Sui’s “Department of Imperial Medicine” had two masters of medicine, 200 physicians, two pharmacists, two doctors of medicine, two teaching assistants, two massage doctors, and two doctors of incantation. However, due to the small size and incomplete setup of the Sui “Department of Imperial Medicine,” it could only be regarded as the primary stage of a medical school instead of a formal medical school.

The first official medical school organized by China was the Tang “Imperial Medical Department,” established in Chang’an in the seventh year of Emperor Gaozu Wude’s reign (624 AD). The Tang “Imperial Medical Department” consisted of four parts: administration, instruction, medical care, and pharmacology, similar to a present-day medical school.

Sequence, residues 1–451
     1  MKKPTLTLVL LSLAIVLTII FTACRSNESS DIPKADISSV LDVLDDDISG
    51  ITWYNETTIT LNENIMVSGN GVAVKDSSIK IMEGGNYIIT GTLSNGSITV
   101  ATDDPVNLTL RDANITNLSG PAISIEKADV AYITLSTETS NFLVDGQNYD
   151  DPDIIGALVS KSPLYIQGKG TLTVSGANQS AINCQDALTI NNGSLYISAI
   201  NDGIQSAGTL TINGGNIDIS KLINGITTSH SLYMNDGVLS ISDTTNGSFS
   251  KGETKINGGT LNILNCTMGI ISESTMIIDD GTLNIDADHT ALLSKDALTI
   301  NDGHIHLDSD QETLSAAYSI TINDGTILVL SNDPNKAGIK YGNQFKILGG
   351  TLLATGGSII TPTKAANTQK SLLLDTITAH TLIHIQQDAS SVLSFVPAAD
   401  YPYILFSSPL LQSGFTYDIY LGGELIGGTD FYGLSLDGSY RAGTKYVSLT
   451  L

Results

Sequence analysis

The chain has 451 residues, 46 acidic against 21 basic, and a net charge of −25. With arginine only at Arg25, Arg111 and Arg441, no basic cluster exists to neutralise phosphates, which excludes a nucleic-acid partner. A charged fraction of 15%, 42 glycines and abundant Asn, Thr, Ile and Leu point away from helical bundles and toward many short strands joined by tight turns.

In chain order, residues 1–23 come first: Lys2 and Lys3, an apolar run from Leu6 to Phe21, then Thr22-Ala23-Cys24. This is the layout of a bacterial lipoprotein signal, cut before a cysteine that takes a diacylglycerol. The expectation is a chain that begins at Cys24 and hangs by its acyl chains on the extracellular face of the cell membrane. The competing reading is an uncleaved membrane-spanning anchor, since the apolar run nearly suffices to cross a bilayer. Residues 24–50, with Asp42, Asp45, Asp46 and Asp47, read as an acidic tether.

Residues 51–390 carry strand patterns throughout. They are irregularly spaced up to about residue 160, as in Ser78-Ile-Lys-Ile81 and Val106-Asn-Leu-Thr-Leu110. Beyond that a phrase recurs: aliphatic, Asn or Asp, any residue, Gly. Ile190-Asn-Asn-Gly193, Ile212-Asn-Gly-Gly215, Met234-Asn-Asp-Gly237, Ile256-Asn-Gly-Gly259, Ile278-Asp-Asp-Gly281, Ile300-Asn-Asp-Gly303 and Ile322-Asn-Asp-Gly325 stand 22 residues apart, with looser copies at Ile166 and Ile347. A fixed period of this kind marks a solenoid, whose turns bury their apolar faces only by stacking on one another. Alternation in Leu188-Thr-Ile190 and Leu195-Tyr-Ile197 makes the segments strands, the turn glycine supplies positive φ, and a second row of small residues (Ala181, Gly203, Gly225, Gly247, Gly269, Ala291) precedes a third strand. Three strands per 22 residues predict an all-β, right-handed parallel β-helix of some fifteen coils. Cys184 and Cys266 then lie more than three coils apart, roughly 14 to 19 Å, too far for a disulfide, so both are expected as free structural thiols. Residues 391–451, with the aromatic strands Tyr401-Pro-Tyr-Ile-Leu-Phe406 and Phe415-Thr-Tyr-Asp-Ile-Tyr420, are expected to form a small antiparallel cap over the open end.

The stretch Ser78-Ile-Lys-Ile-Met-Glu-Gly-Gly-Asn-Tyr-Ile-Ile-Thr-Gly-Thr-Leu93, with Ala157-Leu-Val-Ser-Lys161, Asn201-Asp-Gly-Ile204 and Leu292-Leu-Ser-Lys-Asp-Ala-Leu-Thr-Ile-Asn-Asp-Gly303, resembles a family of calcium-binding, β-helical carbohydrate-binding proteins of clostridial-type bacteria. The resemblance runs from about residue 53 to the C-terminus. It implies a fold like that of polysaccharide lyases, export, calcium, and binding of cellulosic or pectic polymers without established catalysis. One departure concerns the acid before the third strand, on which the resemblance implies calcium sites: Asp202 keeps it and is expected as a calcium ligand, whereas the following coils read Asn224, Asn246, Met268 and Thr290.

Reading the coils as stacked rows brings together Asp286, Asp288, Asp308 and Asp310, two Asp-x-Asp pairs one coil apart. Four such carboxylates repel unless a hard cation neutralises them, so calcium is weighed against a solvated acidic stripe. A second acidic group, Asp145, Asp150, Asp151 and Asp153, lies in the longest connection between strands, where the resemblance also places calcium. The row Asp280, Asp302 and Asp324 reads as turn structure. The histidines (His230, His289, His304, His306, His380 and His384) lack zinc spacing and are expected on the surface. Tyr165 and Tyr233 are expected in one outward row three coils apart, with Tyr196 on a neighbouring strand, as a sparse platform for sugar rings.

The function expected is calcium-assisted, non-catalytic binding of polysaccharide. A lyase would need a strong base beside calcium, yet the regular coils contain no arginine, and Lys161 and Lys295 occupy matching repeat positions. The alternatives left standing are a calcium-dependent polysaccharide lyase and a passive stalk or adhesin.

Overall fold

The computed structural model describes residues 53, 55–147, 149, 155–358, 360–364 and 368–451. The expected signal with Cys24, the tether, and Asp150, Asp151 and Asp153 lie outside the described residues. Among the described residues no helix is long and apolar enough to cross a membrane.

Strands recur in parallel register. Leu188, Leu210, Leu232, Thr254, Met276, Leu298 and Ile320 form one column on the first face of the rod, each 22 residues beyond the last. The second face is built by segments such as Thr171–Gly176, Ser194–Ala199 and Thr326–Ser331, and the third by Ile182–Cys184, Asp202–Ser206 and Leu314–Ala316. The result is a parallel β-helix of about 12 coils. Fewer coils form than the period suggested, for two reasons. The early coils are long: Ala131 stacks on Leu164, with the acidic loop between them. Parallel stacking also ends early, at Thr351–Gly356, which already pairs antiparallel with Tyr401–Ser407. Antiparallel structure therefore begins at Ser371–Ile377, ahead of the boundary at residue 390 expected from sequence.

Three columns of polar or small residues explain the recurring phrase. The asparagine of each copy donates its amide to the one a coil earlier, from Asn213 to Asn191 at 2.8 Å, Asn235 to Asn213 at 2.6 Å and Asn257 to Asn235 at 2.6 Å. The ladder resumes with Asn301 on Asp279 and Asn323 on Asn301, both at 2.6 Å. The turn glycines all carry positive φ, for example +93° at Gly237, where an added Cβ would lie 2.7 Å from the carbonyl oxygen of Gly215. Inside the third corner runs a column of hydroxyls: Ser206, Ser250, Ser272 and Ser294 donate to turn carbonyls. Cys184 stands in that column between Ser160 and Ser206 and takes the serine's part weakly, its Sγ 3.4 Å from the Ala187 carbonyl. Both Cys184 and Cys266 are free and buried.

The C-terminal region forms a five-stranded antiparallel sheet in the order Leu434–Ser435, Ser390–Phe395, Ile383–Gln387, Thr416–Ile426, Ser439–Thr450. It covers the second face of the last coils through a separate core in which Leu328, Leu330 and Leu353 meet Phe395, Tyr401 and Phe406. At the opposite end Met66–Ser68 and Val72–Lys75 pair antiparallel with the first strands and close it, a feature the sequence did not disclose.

Tang’s “Imperial Medical Department” was directly under the Royal Family. The two Imperial Medical Directors, who were the chief executives of the Department, were equivalent to the principals of medical schools nowadays. Additionally, two Ministers of Imperial Medicine were the assistants of the chief executives. Under them, there were four medical supervisors and eight medical correctors. These 18 people were all administrative officials of the Department.

The “Department of Imperial Medicine” was divided into the Department of Medicine and the Department of Pharmacy, similar to current medical schools. Medicine was divided into four main departments: medicine, acupuncture, massage (including injury), and incantation, similar to some of the majors in the current medical faculty. The medical department was the largest of the four departments, with 164 students.